Agile – giving the business options back

January 11, 2010 at 11:23 5 comments

When they hear ‘agile software development’, a lot of people think that this is somewhat of a geeky thing. While there might be admittedly also a lot more fun and fulfillment in agile projects for software developers, there are BIG benefits for the business as well. In this blog post, I’ll have a look at agile projects from the business’ / sponsor’ point of view.

I believe the key to many advantages for the business is the following: The solution is being implemented in executable increments – you get a slice more of your solution with every sprint. You can review and give feedback all the way through. This implies a lot more transparency – rather than pouring money into a black box and waiting for months until you get a glimpse of the final result, you get it from early on, piece by piece. Plus, the most critical, highest priority requirements are implemented first.

Sounds nice? It gets better when you think it through: It gives you options back!

A few examples: You could go to market earlier, when you think you have generated enough value to offer to your customers. Or, you could stop the project, if you discover risks EARLY in the project that would make it too expensive / late / whatever.

It also facilitates informed cross-project prioritization and trade-offs: Imagine you’re a few months into a project, and another high-priority project comes up. In a waterfall environment, you might just be mid way through the implementation phase – a lot of design and implementation efforts have been invested, but no result is there yet. It may be prudent but very painful to stop the project at this point.
Now imagine you had run the project using Scrum or another agile framework: At this point, you would probably have some of the highest priority requirements implemented already. So even if you decided to stop the project (i.e., not implement remaining, lower-priority user stories), you would still have generated business value!

And b.t.w. – Net Present Value (NPV), a common method for financial project/investment appraisal is a great fit with agile approaches! But that’s the topic for my next blog post…

Entry filed under: Agile, Business and Change, Project Management, Uncategorized.

Reading Tip: Lean and Portfolio Management The Myth of Managing Change, part II

5 Comments Add your own

  • 1. Mike Belch  |  January 14, 2010 at 23:44

    Interesting theory. Do you have any examples of companies that have applied Agile to non-software projects?

    Do you need a traditional program management approach to manage progress of all those small steps towards the end “big goal”? i.e. how to you ensure that the total is the sum of all the parts?

    Do shoot me down if I’m asking this because simply don’t understand Agile and point me to a book which will answer my question.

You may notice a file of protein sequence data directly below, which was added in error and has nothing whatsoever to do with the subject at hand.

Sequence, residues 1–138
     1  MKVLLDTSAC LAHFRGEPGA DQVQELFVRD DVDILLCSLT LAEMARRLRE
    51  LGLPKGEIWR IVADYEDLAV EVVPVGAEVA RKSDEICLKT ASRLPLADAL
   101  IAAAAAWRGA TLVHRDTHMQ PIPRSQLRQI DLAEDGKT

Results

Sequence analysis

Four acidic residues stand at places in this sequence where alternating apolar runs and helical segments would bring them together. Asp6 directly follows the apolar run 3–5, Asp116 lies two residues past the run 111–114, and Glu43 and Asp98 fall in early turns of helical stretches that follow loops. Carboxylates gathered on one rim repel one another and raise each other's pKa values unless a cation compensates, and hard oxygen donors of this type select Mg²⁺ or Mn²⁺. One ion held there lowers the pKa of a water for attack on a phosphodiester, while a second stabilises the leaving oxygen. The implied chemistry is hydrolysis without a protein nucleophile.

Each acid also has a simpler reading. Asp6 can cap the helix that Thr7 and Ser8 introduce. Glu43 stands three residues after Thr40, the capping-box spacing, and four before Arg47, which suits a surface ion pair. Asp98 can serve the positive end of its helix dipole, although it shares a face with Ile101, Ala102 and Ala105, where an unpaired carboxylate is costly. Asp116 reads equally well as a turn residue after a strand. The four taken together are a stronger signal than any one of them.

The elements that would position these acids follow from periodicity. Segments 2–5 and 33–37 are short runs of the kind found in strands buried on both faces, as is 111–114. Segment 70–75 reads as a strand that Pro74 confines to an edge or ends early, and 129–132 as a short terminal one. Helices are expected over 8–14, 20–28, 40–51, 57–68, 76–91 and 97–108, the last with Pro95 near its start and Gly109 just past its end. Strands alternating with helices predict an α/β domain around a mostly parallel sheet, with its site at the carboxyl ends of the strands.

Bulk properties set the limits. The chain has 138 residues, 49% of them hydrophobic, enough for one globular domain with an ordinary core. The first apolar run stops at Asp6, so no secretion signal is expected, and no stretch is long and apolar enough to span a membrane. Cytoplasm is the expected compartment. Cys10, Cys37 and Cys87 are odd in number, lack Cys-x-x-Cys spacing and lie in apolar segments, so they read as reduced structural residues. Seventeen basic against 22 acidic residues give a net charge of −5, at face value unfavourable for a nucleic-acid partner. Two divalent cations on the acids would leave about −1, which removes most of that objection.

• 2. Susanne Bartel  |  January 15, 2010 at 19:34

      Yes, agile can be applied to all sorts of projects, though it mostly seems to be used for some form of product development. I heard that one of the ‘role models’ and first adopters is the company Patientkeeper which sells an integrated health care solution. I also read about a computer circuits manufacturer but can’t remember the name. Toyota is actually applying a lot of agile and Lean principles!
      Ooh and a few articles / books I recently read suggest that a PMO (or whatever you call that body that does Portfolio / Programme Management) could or even should itself be agile. Interesting right?!
      Agile frameworks like Scrum do not give any prescription re. the field of application – there is nothing in there specific to software development, though this seems to be the area where it’s most widely used. Maybe because the pain with waterfall approaches was so big there ;)

      I’m not sure about your second question. Do you refer to one agile project? This is in itself ‘glued’ together by a ‘Product Backlog’ (PBL) which lists all requirements (in their order of priority) for the respective projects. It is owned by the Product Owner. The PBL is a very living and breathing document, but the pieces that get picked for every ‘sprint’ (one development iteration, 1-4 weeks) are then absolutely cast in stone.

      There are a lot of great books around. For a start, just go to YouTube and search for ‘Scrum’ (the most common agile framework). See also the link in one of my earlier blogs. The introductory book I read is only available in German, but just have a look at amazon. Mike Cohn is one of the ‘godfathers’ of agile. And a new book from Roman Pichler is just being pusblished I believe. I have the book ‘Agile Estimating and Planning’ by Mike Cohn, and it is very comprehensive and exceptionally well written.

      Phew, that was quite a long answer. Maybe this would have been worth another post ;) HTH!

  • 3. rainwebs  |  January 25, 2010 at 00:53

    Try the new book by Mike Cohn “Succeeding with Agile: Software Development Using Scrum”. It’s even better than the two others. Seems to become the new Scrum bible ;-).

  • 4. PM Hut  |  January 28, 2010 at 19:06


    I’ve actually published an article about the agile PMO early last year.

    Now about Agile in non-software projects, I don’t think it has really proven itself yet. Additionally, Agile is irrelevant for construction projects, for example, where mature PM methodologies are tested and proven.

  • 5. Susanne Bartel  |  February 4, 2010 at 13:09

    See part 2 on Net Present Value:


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January 2010

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